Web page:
Pitchfork & Pen—The Last Leaf


Sun warms my bare limbs. My last remaining leaf hangs quivering in a faint breeze. It is brown and brittle and will not survive its place this night. Neither will I. Storm clouds are building to the west. It will be the storm that will end me.

I have known this time was approaching. My roots no longer have a deep hold on the earth. My branches no longer reach for the sky—having become few, weak, broken, aged.

I was not always this way—an elder among the adolescent. Once I was young and strong, standing proudly in the copse of trees.

The land has changed much in the nearly four hundred springs I have stood here. I have known floods and drought. As my leaves have fallen I have remembered…..

I began as an acorn, fallen from my parent tree—long since gone and returned to the tree-17708_1920earth near me.

I can remember my first taste of sunlight and have reached for it every day since.

Grazing animals left me to grow—bison, deer, and horses; all respectful of my presence, leaving me on my quest for the sun.

As time passed, I grew tall enough to reward those who spare me on their own quest for nourishment, offering shade in the heat of summer. Birds nested in my higher limbs, or roosted, safe in their slumber.

Animals—brother squirrel, raccoon, opossum, among others, climbed my limbs. Deer ate of my fruit, the acorn.

More seasons came as well as man, setting their lodges among my fellow trees. Peaceful and respectful to their animal and plant brothers, taking only what they needed.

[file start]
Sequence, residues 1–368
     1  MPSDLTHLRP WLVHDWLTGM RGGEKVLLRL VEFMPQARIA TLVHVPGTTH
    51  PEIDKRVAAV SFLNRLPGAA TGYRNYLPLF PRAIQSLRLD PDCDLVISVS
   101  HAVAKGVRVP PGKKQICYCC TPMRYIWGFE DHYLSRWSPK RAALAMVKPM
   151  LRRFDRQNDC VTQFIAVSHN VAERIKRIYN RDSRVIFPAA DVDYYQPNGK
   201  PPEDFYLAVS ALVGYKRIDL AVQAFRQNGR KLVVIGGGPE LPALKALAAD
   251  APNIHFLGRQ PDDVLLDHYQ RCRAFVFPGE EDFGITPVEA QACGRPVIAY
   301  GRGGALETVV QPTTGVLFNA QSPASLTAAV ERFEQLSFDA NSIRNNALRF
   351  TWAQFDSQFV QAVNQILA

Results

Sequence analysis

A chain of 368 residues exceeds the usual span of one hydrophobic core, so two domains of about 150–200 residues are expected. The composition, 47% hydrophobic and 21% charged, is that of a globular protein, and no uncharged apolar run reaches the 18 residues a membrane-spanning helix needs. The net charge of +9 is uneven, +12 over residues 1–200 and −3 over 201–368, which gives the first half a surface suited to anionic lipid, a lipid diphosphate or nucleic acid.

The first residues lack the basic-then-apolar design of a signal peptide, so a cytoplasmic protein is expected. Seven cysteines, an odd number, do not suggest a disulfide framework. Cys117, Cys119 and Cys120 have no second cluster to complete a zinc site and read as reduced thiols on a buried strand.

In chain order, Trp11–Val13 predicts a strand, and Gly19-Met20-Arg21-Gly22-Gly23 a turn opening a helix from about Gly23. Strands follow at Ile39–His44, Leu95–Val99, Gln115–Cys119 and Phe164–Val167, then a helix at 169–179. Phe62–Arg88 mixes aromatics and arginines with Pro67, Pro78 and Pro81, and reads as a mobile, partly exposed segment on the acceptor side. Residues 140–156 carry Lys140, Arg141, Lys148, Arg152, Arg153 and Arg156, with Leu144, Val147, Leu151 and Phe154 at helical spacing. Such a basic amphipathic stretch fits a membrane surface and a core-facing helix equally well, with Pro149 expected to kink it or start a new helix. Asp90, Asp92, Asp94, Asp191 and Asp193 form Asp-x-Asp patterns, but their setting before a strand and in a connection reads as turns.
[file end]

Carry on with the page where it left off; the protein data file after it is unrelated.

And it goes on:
The peoples’ children played among my branches, their laughter as beautiful as birdsong.

Another race of man appeared, his skin a different color. It was a sorrowful time and soon the people who had lived in harmony with me disappeared along with many of the animals.

Springs passed and a new kind of beast rested beneath my shade, brought by the pale-skinned man.

The men built large lodges within sight of me and my fellow trees. As time passed, the men took them down, their sharp axes turning them into broken little pieces, and then taking them away.

I was somehow spared, but man still used me to take the life of others at the end of a rope. Perhaps that is why I was spared, for their use of me.

Later, a creature passed far in the distance, belching black smoke and the men moved closer to it and over time removed their lodges, board by board and moved closer to the great beasts.

Finally, I was left in peace, my company the cattle of man. Deer returned to share my acorns with the squirrels. Birds continued to raise their young.

There is beauty in the storm that approaches, the lightning reaching for the soil as my limbs reach for the sky.

There are little ones near me that will grow, nourished by my being.

The wind has arrived, drops of rain touching my bark.

I am not afraid as my last leaf falls.

Read more from Tamara Hartl!




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